To read the ECDC-WHO report on Tuberculosis surveillance and monitoring in Europe 2015, on the euro.who.int website

To download the Systematic screening for active tuberculosis guide, on the who.int website

Response to the refugee crisis

The Commission is supporting EU countries at the forefront of the refugee crisis with grants from the EU Health Programme of over €5.5 million. This money will help address the common health challenges in the most affected Member States. A grant to the International Organisation of Migration (IOM) will be used for testing a personal health record which aims to reconstruct the medical history of migrants and evaluate their health needs. Three additional projects – to be carried out by Médecins du Monde, regional authorities and academics – will receive grants to provide immediate support to Member States such as protocols and clinical guidelines, language and communication tools and capacity building, including training. The Health Programme is also supporting longer-term actions on refugees and migrants’ health and integration and more projects can be envisaged.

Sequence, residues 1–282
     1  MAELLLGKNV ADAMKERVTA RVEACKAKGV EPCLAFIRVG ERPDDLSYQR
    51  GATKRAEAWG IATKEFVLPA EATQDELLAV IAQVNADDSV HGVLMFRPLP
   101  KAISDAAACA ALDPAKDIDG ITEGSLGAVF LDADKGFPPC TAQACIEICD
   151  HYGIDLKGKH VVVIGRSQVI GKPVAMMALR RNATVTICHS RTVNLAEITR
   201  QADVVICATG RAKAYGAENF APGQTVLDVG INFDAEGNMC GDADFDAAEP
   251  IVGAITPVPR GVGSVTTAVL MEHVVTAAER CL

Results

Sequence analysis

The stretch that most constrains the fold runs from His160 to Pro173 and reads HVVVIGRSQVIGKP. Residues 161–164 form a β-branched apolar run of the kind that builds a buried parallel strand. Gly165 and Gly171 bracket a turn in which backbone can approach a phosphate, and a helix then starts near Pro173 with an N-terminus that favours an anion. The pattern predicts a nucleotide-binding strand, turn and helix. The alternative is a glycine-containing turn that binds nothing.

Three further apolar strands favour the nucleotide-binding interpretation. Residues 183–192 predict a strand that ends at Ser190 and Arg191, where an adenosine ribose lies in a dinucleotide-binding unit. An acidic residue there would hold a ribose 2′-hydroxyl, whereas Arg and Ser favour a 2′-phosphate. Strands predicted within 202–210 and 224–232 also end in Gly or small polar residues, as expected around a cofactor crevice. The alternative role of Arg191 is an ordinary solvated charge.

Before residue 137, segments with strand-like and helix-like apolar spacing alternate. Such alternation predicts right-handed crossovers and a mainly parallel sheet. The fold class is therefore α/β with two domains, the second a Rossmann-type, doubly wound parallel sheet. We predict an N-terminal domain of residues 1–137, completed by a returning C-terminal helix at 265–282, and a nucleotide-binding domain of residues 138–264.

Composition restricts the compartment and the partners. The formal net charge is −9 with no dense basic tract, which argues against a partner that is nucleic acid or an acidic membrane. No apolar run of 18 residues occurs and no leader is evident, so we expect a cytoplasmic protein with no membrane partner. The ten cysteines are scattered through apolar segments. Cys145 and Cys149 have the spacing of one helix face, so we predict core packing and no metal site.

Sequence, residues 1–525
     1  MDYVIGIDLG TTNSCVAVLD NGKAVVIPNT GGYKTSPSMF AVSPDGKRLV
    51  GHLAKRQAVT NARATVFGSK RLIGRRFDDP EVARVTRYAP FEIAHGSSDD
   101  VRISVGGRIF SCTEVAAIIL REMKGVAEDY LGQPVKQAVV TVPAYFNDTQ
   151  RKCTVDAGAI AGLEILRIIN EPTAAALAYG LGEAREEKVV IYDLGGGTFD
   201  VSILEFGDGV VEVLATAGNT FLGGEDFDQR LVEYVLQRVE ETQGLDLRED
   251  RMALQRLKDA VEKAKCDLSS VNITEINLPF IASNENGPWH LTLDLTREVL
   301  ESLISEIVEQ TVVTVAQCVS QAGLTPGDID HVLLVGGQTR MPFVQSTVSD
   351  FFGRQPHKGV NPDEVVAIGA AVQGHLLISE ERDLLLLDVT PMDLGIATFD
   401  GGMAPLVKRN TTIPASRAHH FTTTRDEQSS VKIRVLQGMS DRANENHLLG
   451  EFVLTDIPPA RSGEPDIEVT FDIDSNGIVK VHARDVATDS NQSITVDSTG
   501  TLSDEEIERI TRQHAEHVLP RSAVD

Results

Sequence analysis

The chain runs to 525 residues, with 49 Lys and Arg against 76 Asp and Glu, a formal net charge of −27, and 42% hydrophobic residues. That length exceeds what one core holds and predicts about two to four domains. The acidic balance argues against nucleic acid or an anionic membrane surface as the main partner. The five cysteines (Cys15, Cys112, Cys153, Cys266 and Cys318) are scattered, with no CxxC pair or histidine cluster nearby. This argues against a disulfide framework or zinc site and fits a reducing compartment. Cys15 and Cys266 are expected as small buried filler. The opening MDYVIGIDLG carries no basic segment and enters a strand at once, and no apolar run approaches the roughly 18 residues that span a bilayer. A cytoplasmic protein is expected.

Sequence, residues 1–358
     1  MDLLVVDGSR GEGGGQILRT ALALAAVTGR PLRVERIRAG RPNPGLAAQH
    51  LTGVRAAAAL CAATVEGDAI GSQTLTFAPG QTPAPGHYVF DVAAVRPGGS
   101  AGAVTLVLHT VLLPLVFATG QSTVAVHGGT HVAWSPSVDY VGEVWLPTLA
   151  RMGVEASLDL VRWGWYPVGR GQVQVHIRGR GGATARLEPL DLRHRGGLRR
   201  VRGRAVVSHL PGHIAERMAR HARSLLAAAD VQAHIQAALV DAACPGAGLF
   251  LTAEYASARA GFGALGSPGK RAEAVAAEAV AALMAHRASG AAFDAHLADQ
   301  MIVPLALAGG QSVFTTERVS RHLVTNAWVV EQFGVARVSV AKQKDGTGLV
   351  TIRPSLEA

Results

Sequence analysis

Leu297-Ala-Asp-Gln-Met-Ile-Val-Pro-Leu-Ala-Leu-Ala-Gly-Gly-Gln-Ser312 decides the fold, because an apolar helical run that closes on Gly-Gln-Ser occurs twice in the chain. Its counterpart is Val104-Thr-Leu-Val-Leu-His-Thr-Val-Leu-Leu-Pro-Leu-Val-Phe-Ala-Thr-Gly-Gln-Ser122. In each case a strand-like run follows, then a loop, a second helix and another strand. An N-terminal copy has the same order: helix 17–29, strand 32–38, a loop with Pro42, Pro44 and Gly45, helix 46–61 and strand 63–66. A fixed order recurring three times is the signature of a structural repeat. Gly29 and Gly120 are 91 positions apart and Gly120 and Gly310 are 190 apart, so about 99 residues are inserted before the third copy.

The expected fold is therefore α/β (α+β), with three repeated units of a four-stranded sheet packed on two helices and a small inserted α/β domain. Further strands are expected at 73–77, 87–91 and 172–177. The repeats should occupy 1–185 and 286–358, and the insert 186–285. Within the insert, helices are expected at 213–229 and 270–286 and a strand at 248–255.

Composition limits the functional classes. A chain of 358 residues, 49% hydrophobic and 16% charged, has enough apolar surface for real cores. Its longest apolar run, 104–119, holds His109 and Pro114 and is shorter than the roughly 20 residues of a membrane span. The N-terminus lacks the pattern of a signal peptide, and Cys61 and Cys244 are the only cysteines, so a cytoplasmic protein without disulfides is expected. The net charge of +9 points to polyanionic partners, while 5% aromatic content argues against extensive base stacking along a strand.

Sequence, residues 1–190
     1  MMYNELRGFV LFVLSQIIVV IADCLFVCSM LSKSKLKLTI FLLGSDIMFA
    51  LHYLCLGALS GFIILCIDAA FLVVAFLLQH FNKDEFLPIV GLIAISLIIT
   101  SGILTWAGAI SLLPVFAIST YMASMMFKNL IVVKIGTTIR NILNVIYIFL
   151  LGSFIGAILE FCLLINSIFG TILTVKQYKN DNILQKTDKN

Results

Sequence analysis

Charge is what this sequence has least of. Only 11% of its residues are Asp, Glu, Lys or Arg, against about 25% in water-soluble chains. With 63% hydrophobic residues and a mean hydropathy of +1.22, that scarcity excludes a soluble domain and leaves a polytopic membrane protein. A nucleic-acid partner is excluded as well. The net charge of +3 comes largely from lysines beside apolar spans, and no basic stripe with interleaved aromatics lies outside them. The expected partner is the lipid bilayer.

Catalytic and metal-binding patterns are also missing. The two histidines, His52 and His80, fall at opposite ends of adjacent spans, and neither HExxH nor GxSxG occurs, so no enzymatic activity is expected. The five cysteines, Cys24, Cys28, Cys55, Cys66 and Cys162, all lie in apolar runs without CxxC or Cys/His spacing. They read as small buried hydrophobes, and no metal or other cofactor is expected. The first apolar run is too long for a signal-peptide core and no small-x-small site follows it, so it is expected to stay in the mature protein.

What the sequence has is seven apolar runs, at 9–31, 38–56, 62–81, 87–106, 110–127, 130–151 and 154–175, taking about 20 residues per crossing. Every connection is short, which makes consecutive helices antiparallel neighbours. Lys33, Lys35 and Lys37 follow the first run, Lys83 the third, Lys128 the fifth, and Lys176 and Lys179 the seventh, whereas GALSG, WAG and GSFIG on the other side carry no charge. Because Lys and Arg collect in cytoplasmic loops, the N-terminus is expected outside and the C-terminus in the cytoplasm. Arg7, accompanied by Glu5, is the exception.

To find out more about the Health Programme from ec.europa.eu website

Highest number of new HIV cases in Europe

With HIV infection diagnosed in over 142,000 people in 2014, the WHO European Region recorded the highest number of newly diagnosed infections in 1 year since the start of reporting in the 1980s. The most recent data indicates that the growth of the HIV epidemic is driven by the eastern part of the Region, where the number of new diagnoses has more than doubled during the past decade.

Heterosexual transmission is responsible for the increase in eastern Europe, and transmission through drug injection remains substantial. In the EU and the EEA, sex between men is the predominant mode of HIV transmission. Two in three new HIV infections are among native-born Europeans, while foreign-born individuals, including migrants, represent only one third of HIV diagnoses.